The science of archeology appears to demonstrate remarkable insights into the ways of cultural development by analyzing the simplest artifacts.

For understanding the cultural changes in the colonial New England, a curious detective work can be carried out upon gravestones. Reflecting the change in the views of death both in their form and contents, gravestones bear valuable and trustworthy information about the cultural, the religious, and the social perspectives of the time. The view of death in the Puritan community of New England changed dramatically throughout the seventeenth and eighteenth century. The first Puritan settlers faced hunger and epidemics that took lives of thousands of adults and children. In view of severe hardships the Puritan community envisaged death as a terrifying and grave event that would send most of people to the pits of hell (Ray, 2010). Death was feared of and considered as God’s punishments for one’s sins that came inevitably without any hope of salvation (Mintz, 2003).

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Eventually, with the onset of the Great Awakening in 1720s, the Puritans altered their views of death and started treating it as a reunion with God and one’s ancestors secured by life of deep piety (Mintz, 2003). Several decades later, after the American Revolution and the archeological discoveries at Pompeii, death appeared as nothing more than a temporary separation with one’s nearest and dearest (Mintz, 2003). The abovementioned changes in the views of religion and death was directly reflected in the design of gravestones. Until the early eighteenth century, echoing the bleak prospects on the afterlife shared by the early Puritans, the gravestones featured nothing else but a winged death skull engraved on them. For the Puritans who disapproved of any graphic depiction of religious ideas, the death skull was a most neutral reminder of mortality, emphasizing the frailty of human beings and the brevity of life (Deetz & Dethlefsen, 1967). The epitaphs on the bottoms of the gravestones laid stress on the Calvinistic ideals of hard work and exemplary behaviour.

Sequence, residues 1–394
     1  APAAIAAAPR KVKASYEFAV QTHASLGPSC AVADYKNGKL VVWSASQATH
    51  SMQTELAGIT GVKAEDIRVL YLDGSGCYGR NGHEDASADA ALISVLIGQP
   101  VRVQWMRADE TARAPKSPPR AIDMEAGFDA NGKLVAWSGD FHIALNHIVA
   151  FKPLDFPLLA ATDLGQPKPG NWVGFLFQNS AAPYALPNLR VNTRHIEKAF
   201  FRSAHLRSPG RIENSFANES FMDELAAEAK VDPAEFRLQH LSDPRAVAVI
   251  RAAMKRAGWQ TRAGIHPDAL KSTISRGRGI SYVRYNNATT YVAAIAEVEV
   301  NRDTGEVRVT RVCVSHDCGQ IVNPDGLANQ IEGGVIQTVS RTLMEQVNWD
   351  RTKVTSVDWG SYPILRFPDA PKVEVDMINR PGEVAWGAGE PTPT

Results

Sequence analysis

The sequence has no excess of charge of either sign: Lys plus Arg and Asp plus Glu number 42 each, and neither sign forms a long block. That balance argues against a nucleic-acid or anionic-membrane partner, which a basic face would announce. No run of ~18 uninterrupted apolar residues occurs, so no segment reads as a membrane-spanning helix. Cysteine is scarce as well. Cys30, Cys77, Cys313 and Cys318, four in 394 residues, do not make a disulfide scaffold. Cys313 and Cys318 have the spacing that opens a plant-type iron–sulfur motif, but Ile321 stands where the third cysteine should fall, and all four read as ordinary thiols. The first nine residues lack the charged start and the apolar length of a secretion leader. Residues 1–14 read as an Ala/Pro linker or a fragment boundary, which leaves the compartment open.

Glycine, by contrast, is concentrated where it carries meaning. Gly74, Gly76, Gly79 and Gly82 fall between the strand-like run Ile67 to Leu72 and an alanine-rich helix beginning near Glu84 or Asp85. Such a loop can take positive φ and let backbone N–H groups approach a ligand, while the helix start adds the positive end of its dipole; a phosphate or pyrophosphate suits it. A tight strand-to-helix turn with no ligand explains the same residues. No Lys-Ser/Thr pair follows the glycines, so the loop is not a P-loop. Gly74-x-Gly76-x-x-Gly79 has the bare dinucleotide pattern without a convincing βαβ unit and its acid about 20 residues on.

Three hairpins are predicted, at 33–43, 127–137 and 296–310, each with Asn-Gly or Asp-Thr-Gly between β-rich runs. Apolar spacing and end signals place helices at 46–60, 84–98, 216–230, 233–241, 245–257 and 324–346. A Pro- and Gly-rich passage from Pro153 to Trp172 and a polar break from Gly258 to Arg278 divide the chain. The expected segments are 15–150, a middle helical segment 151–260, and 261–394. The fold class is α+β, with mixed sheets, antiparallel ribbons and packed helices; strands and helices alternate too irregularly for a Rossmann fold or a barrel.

During the Great Awakening, more liberal views set in among the Protestants, and they started to emphasize the ideas of resurrection and salvation both in the epitaphs and in the design of the gravestone. The inscriptions started to feature the words “Here lies the body of…” in order to demonstrate that only the perishable flesh was buried and the immortal soul got its reward in paradise; and the dreary death head was replaced by a carving of winged cherub (Deetz & Dethlefsen, 1967). The late eighteenth century witnessed the revival of interest in Greek art, and such republican symbols as urns and willows appeared on the gravestones which then acquired the square shoulders of a classical outline, as compared to the round-shouldered outline featured a century before (Deetz & Dethlefsen, 1967). The investigation into grave art reveals a number of issues about the religious and social changes in the Puritan society of New England. On the one hand, the design of cherubs appears mostly on the graves of high status individuals. This means that innovation in gravestone design was introduced through the cosmopolitan social stratum. On the other hand, the ease with which the new design spread in the more rural areas signifies the low resistance to change in those regions that demonstrated readiness to accept the modifications of orthodox Puritanism.

In addition, certain modifications in gravestone design are rare in children’s burials, which implies the conservative approach to children entombment. Through watching the change in gravestone design, archeologists can arrive at a number of conclusions about the Puritan society of New England. The cultural change in religion, shifting the emphasis from mortality to immortality, and the social nature of design choice are all indicated through gravestone design.


Deetz, J., & Dethlefsen, E. S. (1967). Death’s head, cherub, urn and willow [Electronic version]. Natural History, 76(3) 1967, 29–37. Retrieved from http://www.histarch. Mintz, S. (2003). Death in early America. In Digital History.

Retrieved from http://www.digitalhistory.uh.

edu/historyonline/usdeath.cfm Ray, M. (2010, October 12).

Digital stories about American history [The Puritans]. Digital History. Video episode retrieved from


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